West Wind

for tenor and piano


Composition Date: 2016



Commissioned by Wigmore Hall with the support of André Hoffmann, president of the Fondation Hoffmann, a Swiss grant-making foundation. It was premiered by James Gilchrist and Anna Tilbrook at  Wigmore Hall on 22nd June 2016.



Programme Note:


West Wind

for tenor and piano


Text: Ode to the West Wind by Percy Bysshe Shelley 1792–1822


for James Gilchrist and Anna Tilbrook



James Gilchrist approached me in 2014 about his series 'Schumann and the English Romantics', his idea being to pair three British composers (myself, Julian Philips and Jonathan Dove) with three great Schumann song cycles, using British texts from Schumann's time.


James assigned me Schumann's Eichendorff settings Liederkreis op.39, and 

I chose to set Shelley's Ode to the West Wind


The poem reflects on the powerlessness of the poet when compared to the wind, and expresses a longing to harness the wind to disseminate his words.


It is in five stanzas, and I have created a five section work, made up of five 'songs'. On comparing the Eichendorff with the Shelley, I found common themes, and have highlighted these in the choice of material.


I began by creating a short improvisation on each of the Schumann songs, and used these as starting points for my own music. Some of them are very loosely related – representing a free meditation on the Schumann. Others are more easily identified, by rhythmic or thematic ideas. The central third part, for instance, echoes the stillness of Mondnacht, and this returns at the end of the piece as a gentle reflection. The piano begins with a swirling cadenza-like passage, and often represents the wind, with the voice of the poet being drawn in and stepping back by turns; sometimes overwhelmed and silenced by the piano, sometimes equally powerful.


West Wind was commissioned by Wigmore Hall with the support of André Hoffmann, president of the Fondation Hoffmann, a Swiss grant-making foundation. It was premiered by James Gilchrist and Anna Tilbrook at  Wigmore Hall on 22nd June 2016.


 Sally Beamish 2016






Ode to the West Wind




     O WILD West Wind, thou breath of Autumn's being


Thou from whose unseen presence the leaves dead


Are driven like ghosts from an enchanter fleeing,




Yellow, and black, and pale, and hectic red,


Pestilence-stricken multitudes! O thou


Who chariotest to their dark wintry bed




The wingèd seeds, where they lie cold and low,


Each like a corpse within its grave, until


Thine azure sister of the Spring shall blow




Her clarion o'er the dreaming earth, and fill


(Driving sweet buds like flocks to feed in air)


With living hues and odours plain and hill;




Wild Spirit, which art moving everywhere;


Destroyer and preserver; hear, O hear!  






Thou on whose stream, 'mid the steep sky's commotion,


Loose clouds like earth's decaying leaves are shed,


Shook from the tangled boughs of heaven and ocean,




Angels of rain and lightning!  there are spread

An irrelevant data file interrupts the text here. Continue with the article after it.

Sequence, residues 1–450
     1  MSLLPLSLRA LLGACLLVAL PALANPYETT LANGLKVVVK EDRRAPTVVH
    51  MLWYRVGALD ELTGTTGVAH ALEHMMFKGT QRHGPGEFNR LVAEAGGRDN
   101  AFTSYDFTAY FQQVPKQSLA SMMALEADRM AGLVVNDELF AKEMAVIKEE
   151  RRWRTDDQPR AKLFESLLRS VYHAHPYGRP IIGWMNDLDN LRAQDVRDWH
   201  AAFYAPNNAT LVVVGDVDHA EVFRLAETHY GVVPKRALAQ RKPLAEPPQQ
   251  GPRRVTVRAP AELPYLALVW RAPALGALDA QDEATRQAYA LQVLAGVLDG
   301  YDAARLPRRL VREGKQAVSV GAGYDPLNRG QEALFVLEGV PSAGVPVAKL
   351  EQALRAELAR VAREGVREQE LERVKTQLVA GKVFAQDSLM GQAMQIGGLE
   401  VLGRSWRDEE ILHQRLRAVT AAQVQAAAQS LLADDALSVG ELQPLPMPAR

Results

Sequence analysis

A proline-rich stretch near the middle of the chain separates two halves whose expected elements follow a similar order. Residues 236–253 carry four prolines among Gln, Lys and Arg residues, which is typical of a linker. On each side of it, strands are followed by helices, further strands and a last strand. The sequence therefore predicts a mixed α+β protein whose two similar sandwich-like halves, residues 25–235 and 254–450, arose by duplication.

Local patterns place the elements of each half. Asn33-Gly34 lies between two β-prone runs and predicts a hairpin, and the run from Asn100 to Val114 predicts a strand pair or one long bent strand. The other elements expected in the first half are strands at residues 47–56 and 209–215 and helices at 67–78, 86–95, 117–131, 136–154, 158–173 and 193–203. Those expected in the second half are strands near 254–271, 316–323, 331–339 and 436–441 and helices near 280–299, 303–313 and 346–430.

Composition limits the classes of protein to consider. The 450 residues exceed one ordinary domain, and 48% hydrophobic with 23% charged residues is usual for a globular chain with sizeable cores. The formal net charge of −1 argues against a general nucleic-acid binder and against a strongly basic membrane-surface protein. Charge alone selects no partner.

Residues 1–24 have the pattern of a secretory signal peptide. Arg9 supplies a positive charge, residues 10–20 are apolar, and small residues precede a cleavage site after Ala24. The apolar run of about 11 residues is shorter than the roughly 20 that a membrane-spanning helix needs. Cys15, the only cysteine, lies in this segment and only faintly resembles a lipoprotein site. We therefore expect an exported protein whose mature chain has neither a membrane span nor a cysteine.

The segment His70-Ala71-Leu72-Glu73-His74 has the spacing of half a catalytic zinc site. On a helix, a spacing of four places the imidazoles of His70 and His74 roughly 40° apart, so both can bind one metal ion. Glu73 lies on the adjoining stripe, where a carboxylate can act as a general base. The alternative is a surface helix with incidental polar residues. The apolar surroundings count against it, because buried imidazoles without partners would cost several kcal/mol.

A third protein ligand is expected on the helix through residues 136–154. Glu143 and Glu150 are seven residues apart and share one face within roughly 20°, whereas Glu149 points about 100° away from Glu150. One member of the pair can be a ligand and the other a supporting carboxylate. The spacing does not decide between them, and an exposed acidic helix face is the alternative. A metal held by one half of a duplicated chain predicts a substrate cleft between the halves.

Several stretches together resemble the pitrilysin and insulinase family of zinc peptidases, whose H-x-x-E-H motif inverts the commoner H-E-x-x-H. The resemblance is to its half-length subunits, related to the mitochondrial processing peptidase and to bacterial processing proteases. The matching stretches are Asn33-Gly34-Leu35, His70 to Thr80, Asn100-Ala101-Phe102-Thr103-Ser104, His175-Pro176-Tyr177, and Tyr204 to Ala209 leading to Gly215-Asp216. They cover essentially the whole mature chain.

On the blue surface of thine airy surge,


Like the bright hair uplifted from the head




Of some fierce Mænad , even from the dim verge


Of the horizon to the zenith's height,


The locks of the approaching storm. Thou dirge




Of the dying year, to which this closing night


Will be the dome of a vast sepulchre,  


Vaulted with all thy congregated might




Of vapours, from whose solid atmosphere


Black rain, and fire, and hail, will burst: O hear!  







Thou who didst waken from his summer dreams


The blue Mediterranean, where he lay,


Lull'd by the coil of his crystàlline streams,




Beside a pumice isle in Baiæ's bay,


And saw in sleep old palaces and towers


Quivering within the wave's intenser day,




All overgrown with azure moss, and flowers


So sweet, the sense faints picturing them! Thou


For whose path the Atlantic's level powers




Cleave themselves into chasms, while far below


The sea-blooms and the oozy woods which wear


The sapless foliage of the ocean, know




Thy voice, and suddenly grow gray with fear,


And tremble and despoil themselves: O hear!






If I were a dead leaf thou mightest bear;  


If I were a swift cloud to fly with thee;


A wave to pant beneath thy power, and share  




The impulse of thy strength, only less free


Than thou, O uncontrollable!  if even


I were as in my boyhood, and could be




The comrade of thy wanderings over heaven,


As then, when to outstrip thy skiey speed


Scarce seem'd a vision—I would ne'er have striven




As thus with thee in prayer in my sore need.


O! lift me as a wave, a leaf, a cloud!


I fall upon the thorns of life! I bleed!




A heavy weight of hours has chain'd and bow'd


One too like thee— tameless, and swift, and proud.  






Make me thy lyre, even as the forest is:


What if my leaves are falling like its own?


The tumult of thy mighty harmonies




Will take from both a deep autumnal tone,


Sweet though in sadness.  Be thou, Spirit fierce,  


My spirit! Be thou me, impetuous one!




 Drive my dead thoughts over the universe,  


Like wither'd leaves, to quicken a new birth;


And, by the incantation of this verse,




Scatter, as from an unextinguish'd hearth


Ashes and sparks, my words among mankind!


Be through my lips to unawaken'd earth




The trumpet of a prophecy! O Wind,


If Winter comes, can Spring be far behind?  



 Percy Bysshe Shelley 1819



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